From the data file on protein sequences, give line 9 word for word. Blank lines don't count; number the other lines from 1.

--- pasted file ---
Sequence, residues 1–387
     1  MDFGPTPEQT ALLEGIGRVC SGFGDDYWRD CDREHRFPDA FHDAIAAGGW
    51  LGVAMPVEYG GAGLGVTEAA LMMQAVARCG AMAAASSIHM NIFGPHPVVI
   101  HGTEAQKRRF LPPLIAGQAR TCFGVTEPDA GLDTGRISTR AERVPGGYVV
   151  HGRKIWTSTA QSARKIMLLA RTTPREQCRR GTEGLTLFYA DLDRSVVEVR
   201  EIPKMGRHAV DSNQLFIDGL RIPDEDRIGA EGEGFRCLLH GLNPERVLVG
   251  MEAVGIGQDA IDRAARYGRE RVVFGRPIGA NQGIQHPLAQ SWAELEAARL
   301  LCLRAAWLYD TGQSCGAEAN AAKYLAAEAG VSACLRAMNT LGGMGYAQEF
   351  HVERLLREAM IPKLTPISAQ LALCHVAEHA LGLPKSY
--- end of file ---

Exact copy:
   351  HVERLLREAM IPKLTPISAQ LALCHVAEHA LGLPKSY